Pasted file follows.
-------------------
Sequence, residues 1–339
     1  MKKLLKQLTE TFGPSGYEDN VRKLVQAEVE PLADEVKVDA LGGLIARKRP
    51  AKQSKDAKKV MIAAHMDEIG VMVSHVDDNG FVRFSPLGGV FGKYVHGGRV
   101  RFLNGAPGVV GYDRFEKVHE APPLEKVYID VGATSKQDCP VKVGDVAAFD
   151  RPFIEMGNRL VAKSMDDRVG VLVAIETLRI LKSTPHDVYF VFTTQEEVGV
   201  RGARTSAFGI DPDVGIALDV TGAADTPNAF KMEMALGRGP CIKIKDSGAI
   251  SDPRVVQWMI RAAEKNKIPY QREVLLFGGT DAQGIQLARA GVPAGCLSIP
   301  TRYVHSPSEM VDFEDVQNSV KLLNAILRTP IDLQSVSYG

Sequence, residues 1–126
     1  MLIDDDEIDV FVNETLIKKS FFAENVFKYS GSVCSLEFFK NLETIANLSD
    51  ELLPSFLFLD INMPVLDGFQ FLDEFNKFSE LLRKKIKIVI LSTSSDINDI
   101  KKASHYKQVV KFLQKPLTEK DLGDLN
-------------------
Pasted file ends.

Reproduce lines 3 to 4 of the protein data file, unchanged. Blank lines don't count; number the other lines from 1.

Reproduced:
    51  AKQSKDAKKV MIAAHMDEIG VMVSHVDDNG FVRFSPLGGV FGKYVHGGRV
   101  RFLNGAPGVV GYDRFEKVHE APPLEKVYID VGATSKQDCP VKVGDVAAFD